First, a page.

Verbal and visuospatial working memory as predictors of children's reading ability

Arch Clin Neuropsychol. 2014 Aug;29(5):467-77. doi: 10.1093/arclin/acu024. Epub 2014 May 31.


Children with reading difficulties often demonstrate weaknesses in working memory (WM). This research study explored the relation between two WM systems (verbal and visuospatial WM) and reading ability in a sample of school-aged children with a wide range of reading skills. Children (N = 157), ages 9-12, were administered measures of short-term memory, verbal WM, visuospatial WM, and reading measures (e.g., reading fluency and comprehension). Although results indicated that verbal WM was a stronger predictor in reading fluency and comprehension, visuospatial WM also significantly predicted reading skills, but provided more unique variance in reading comprehension than reading fluency. These findings suggest that visuospatial WM may play a significant role in higher level reading processes, particularly in reading comprehension, than previously thought.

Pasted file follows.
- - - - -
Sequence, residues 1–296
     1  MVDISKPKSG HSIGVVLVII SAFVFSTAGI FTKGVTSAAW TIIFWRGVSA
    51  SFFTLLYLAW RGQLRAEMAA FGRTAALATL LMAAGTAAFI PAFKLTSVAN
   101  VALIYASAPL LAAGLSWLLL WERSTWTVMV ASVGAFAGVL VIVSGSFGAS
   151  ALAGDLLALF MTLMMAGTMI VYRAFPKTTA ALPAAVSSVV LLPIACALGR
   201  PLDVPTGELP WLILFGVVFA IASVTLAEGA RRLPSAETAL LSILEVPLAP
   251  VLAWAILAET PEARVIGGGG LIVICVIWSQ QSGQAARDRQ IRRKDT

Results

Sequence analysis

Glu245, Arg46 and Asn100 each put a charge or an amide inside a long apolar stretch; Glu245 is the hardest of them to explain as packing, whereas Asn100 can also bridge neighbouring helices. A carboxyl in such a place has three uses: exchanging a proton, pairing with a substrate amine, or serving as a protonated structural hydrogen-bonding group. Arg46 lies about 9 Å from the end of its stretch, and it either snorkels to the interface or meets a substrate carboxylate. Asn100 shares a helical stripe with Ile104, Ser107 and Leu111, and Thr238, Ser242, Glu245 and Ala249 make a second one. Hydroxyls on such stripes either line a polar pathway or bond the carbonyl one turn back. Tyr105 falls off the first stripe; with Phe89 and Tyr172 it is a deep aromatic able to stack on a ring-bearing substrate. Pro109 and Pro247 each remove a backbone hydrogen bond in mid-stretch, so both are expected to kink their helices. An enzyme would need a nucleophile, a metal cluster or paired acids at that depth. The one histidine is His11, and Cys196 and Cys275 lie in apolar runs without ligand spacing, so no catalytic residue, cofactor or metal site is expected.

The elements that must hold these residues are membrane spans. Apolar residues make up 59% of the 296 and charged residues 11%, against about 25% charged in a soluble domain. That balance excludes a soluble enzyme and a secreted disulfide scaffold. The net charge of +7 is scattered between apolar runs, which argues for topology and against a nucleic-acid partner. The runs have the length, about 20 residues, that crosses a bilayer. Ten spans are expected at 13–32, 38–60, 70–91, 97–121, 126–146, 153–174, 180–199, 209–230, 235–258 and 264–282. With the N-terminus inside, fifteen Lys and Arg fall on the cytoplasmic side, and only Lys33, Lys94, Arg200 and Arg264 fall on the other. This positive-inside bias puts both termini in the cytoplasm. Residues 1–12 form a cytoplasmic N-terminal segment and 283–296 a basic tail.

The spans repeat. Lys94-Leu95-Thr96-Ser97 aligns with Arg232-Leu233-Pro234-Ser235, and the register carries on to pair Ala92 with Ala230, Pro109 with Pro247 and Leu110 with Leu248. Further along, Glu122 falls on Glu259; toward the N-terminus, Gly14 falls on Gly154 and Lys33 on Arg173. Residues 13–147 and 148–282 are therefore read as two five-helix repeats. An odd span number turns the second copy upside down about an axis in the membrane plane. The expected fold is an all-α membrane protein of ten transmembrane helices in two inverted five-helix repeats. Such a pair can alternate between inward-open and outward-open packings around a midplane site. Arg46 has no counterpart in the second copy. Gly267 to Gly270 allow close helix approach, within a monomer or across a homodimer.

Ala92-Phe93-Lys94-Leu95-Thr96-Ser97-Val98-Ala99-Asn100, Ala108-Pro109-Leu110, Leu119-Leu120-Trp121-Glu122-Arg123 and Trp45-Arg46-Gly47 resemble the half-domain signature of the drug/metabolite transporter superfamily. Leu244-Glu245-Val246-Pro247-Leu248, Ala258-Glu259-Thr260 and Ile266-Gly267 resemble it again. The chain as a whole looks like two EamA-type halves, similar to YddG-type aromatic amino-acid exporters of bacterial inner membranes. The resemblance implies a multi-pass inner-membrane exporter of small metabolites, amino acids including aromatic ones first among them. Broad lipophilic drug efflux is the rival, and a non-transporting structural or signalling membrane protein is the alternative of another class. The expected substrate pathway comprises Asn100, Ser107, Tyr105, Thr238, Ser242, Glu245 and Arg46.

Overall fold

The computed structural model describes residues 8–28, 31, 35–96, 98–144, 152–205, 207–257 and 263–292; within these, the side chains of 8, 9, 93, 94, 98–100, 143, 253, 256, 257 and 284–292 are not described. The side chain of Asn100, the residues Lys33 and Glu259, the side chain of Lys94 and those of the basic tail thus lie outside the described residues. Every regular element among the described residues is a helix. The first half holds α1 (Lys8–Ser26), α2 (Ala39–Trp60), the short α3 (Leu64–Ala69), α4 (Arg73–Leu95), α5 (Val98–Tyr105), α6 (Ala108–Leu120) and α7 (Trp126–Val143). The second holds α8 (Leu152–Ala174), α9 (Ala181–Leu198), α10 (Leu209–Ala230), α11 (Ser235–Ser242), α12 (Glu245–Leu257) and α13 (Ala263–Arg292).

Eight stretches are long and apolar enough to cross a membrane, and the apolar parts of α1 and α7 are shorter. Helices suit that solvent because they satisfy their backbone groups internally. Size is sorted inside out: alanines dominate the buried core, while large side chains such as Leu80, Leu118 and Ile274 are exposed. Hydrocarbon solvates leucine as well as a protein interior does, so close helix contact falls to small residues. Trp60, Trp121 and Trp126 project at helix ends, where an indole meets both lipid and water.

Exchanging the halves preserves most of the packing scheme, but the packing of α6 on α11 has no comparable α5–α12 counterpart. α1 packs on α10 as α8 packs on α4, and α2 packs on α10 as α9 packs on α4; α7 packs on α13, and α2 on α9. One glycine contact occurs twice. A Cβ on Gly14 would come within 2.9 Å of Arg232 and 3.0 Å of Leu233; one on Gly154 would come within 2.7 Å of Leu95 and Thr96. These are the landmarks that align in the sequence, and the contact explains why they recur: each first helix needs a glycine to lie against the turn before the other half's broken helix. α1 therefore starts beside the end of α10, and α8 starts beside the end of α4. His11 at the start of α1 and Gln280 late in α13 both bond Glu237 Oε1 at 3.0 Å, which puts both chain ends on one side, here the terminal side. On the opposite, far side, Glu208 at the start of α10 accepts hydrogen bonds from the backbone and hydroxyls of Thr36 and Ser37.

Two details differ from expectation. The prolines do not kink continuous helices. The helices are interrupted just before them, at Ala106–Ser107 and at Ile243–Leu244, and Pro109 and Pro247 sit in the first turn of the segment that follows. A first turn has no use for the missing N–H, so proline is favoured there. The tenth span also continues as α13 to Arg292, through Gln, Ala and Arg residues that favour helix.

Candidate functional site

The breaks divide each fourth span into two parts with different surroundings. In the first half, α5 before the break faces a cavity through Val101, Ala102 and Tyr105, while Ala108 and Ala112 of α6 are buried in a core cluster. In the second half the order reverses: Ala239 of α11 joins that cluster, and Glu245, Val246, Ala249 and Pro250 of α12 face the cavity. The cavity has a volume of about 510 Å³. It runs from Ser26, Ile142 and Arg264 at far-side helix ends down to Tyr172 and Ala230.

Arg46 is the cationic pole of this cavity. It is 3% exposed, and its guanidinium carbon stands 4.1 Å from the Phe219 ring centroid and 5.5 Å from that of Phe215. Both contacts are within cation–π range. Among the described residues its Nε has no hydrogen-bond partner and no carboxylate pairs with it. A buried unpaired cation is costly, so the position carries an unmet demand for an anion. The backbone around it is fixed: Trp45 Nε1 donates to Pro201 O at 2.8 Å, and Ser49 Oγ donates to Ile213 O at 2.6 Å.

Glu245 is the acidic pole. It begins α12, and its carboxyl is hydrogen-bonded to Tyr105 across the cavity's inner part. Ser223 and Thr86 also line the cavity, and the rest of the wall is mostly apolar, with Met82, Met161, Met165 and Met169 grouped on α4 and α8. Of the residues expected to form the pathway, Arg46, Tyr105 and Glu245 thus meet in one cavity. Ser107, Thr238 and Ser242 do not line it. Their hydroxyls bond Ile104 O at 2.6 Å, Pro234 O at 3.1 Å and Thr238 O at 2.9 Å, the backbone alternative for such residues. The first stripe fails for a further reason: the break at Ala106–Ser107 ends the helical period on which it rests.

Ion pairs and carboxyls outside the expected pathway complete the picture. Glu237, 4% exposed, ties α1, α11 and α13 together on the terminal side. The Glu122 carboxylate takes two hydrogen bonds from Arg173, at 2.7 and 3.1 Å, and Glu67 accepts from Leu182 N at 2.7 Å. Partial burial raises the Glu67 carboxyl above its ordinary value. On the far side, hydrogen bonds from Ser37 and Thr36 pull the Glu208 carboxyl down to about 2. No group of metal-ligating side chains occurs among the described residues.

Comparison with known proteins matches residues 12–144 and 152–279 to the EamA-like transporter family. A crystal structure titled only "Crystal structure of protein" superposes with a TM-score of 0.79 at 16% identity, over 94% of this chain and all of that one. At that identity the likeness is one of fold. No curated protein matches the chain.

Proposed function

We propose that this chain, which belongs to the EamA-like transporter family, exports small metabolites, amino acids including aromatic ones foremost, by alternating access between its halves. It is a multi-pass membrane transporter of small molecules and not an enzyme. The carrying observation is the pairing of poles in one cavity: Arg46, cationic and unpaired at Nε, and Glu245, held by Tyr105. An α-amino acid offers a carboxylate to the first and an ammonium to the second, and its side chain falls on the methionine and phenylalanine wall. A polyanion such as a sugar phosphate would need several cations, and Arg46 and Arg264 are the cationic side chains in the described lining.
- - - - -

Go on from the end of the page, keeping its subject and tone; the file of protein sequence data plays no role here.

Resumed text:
Keywords: Attention; Comprehension; Fluency; Reading; Working memory.

MeSH terms

  • Attention Deficit Disorder with Hyperactivity / diagnosis
  • Child
  • Comprehension
  • Dyslexia / diagnosis*
  • Dyslexia / physiopathology*
  • Female
  • Humans
  • Intelligence Tests
  • Male
  • Memory, Short-Term / physiology*
  • Neuropsychological Tests
  • Photic Stimulation
  • Predictive Value of Tests
  • Regression Analysis
  • Space Perception / physiology*
  • Verbal Learning / physiology*